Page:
Coca-Cola Funding and Volunteer Event Propel Critical Watershed Restoration to Near Completion
The Indian Valley Restoration Project comes to life as Coca-Cola partners with public and private entities to "Return What We Use."
A key component of Coca-Cola's water stewardship is replenishing water in communities and nature through the support of healthy watersheds and community water programs.
PLACERVILLE, Calif.--(BUSINESS WIRE)-- Standing side by side with conservation groups and forestry officials, Coca-Cola (NYSE: KO) associates are getting their hands dirty to turn The Company's $200,000 grant into a water-replenished, 500-acre meadow that sits atop the Sierra Divide and is in the headwaters of the Mokelumne River watershed.
Standing side by side with conservation groups and forestry officials, Coca-Cola associates are getting their hands dirty to turn The Company's $200,000 grant into a water-replenished, 500-acre meadow that sits atop the Sierra Divide and is in the headwaters of the Mokelumne River watershed. (Photo: Business Wire)
The funding for the Indian Valley Restoration Project was boosted to nearly $367,000 with the help of the National Fish and Wildlife Foundation (NFWF).
The Mokelumne River watershed accounts for 94 percent of the East Bay Municipal Utility District impacting much of Contra Costa and Alameda Counties. This includes Coca-Cola's San Leandro production facility which derives its water from East Bay Mud. http://www.ebmud.com/sites/default/files/pdfs/water_supply_system2003.pdf
Rene Hom, Coca-Cola's vice president of Product Supply Systems for the Northwest Region, which includes Northern California, said The Company's aim is to meet its water needs while helping to conserve watersheds and improve community access around the world.
"Water stewardship is top of our list of sustainability efforts," Hom said. "Coca-Cola is committed to replenishing water to communities and nature through local projects, such as this. Our other two objectives are to reduce the amount of water we use in producing our beverages and recycling water used in our manufacturing processes so it can be returned safely to the environment."
The work is nearly completed after 25 Coca-Cola associates spent September 29 planting willows and other natural foliage that will keep the water patterns healthy for habitat and downstream users. The outcome will be a stream that can access the floodplain and spread out, reducing the energy of the water flow and re-watering the nearby meadow. Similar to environmental sustainability, community support is the foundation of Coca-Cola's Live Positively Commitment. http://m.livepositively.com/
Randy Moore, Pacific Southwest Regional Forester for the U.S. Forest Service, said his office will continue build upon the model established with Coca-Cola and explore new ways to accomplish collaborative ecological restoration work. Other volunteer partners include NFWF, American Rivers, Alpine Watershed Group, Foothill Conservancy, Institute for Bird Populations, Center for Sierra Nevada Conservation and the Washoe Tribe of Nevada and California.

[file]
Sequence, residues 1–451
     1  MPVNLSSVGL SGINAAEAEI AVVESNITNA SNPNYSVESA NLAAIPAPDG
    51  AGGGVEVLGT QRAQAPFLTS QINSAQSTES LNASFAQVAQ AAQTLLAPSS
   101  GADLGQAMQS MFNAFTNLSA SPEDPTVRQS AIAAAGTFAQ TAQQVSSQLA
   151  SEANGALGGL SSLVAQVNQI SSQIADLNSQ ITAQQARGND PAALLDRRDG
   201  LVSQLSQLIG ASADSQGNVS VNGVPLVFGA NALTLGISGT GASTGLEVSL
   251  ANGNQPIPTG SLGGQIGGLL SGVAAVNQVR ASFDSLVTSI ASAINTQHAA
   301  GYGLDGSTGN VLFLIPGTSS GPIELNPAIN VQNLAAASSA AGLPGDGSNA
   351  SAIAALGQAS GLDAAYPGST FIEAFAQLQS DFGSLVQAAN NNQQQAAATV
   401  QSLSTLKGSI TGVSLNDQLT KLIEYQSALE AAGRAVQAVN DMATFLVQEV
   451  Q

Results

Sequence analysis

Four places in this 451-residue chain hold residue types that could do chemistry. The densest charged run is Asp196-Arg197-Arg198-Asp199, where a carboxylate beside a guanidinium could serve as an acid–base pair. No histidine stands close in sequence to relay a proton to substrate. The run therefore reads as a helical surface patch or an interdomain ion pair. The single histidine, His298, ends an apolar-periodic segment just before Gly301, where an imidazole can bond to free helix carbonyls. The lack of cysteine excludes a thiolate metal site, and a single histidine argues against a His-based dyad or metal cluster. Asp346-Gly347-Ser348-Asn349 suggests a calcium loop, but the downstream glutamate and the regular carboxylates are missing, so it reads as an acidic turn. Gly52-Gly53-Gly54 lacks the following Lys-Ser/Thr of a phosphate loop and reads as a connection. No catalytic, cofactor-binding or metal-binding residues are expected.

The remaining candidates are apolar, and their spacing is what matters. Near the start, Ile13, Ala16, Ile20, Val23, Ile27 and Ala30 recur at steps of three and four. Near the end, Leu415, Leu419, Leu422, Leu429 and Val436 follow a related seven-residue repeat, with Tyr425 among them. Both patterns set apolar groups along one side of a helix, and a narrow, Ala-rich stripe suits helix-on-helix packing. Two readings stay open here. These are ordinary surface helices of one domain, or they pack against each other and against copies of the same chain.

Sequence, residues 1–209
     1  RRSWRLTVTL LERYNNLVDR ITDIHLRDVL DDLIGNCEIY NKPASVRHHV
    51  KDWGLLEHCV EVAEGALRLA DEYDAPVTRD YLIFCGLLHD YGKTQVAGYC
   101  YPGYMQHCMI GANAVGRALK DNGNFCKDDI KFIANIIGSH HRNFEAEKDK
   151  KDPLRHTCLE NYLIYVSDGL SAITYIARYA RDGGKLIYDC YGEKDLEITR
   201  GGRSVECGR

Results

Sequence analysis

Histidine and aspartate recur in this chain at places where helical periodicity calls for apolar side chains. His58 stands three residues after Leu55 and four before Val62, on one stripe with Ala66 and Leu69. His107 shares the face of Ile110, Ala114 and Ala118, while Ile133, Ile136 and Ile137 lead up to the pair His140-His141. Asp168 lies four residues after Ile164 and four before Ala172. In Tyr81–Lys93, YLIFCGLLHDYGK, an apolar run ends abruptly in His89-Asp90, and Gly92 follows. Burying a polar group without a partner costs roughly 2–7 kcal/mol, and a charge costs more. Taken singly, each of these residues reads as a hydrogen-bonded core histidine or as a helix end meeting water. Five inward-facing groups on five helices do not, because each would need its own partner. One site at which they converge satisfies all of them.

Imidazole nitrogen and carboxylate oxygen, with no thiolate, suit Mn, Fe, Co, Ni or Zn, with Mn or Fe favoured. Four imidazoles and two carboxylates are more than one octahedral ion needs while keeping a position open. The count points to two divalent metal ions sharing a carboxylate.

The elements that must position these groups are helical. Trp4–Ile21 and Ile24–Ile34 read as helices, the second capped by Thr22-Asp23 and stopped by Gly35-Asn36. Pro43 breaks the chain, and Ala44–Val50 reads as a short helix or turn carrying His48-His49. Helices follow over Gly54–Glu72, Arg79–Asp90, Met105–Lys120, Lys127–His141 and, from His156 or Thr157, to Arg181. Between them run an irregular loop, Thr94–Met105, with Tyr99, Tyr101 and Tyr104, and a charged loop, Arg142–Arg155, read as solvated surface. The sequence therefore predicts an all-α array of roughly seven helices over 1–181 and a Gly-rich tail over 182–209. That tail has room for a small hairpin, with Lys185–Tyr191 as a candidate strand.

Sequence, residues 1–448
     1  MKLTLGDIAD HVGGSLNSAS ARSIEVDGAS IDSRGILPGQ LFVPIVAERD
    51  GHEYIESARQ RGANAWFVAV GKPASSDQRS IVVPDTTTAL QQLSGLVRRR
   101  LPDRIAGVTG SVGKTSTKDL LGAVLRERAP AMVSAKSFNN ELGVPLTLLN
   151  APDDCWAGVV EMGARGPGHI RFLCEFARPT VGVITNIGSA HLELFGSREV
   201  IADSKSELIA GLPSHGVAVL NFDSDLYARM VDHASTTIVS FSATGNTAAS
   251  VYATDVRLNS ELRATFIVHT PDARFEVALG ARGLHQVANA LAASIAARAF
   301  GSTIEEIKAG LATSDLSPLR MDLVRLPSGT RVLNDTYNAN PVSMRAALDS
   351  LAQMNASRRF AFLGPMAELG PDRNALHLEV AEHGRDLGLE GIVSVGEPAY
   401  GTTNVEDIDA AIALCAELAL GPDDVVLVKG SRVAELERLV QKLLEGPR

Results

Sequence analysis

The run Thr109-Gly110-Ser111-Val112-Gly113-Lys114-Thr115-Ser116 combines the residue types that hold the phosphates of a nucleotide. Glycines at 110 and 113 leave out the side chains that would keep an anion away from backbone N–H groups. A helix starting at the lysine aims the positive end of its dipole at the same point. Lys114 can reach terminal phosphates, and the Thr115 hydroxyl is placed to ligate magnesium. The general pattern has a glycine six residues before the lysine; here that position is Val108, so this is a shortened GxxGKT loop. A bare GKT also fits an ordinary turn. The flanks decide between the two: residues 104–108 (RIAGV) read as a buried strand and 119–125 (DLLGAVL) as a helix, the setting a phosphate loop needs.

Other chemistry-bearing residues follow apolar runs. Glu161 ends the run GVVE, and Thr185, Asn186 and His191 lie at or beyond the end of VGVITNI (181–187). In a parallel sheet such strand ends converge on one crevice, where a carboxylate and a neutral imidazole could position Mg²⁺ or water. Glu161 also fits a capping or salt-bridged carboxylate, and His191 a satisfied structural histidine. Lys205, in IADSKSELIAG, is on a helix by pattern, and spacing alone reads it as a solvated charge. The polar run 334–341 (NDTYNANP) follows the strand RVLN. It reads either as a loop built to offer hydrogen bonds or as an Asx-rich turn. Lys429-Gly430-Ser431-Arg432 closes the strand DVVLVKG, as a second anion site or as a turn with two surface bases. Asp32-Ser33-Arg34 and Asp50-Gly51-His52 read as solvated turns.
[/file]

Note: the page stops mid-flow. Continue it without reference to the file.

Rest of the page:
"The Indian Valley Restoration Project is proof of what can happen when people work toward a common vision," Moore said. "Coca-Cola's example of seeing beyond the bottling plant to sustaining the forest ecosystems is a view that includes the greater good."
The Coca-Cola Company
The Coca-Cola Company (NYSE: KO) is the world's largest beverage company, refreshing consumers with more than 500 sparkling and still brands. Led by Coca-Cola, the world's most valuable brand, our Company's portfolio features 15 billion dollar brands including Diet Coke, Fanta, Sprite, Coca-Cola Zero, vitaminwater, Powerade, Minute Maid, Simply, Georgia and Del Valle. Globally, we are the No. 1 provider of sparkling beverages, ready-to-drink coffees, and juices and juice drinks. Through the world's largest beverage distribution system, consumers in more than 200 countries enjoy our beverages at a rate of 1.8 billion servings a day. With an enduring commitment to building sustainable communities, our Company is focused on initiatives that reduce our environmental footprint, support active, healthy living, create a safe, inclusive work environment for our associates, and enhance the economic development of the communities where we operate. Together with our bottling partners, we rank among the world's top 10 private employers with more than 700,000 system employees. For more information, please visit www.thecoca-colacompany.com or follow us on Twitter at twitter.com/CocaColaCo.
For more information on Coca-Cola's commitment to recycling, water conservation, and climate protection and what you can do to help, go to: http://livepositively.com/en_us/planet?WT.srch=1#/planet
The U.S. Forest Service
The U.S. Department of Agriculture Forest Service is a Federal agency that manages public lands in national forests and grasslands. The Forest Service is also the largest forestry research organization in the world, and provides technical and financial assistance to state and private forestry agencies. The mission of the USDA Forest Service is to sustain the health, diversity, and productivity of the Nation's forests and grasslands to meet the needs of present and future generations. The Pacific Southwest Region of the U.S. Forest Service manages 20 million acres of National Forest land in California and assists the State and Private forest landowners in California, Hawaii and the U.S. Affiliated Pacific Islands. Eighteen national forests are located in this region. For more information, please visit http://www.fs.usda.gov/r5 or follow us on Twitter at usfs_r5.
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The Coca-Cola Company
Corby Casler, 425-990-2542
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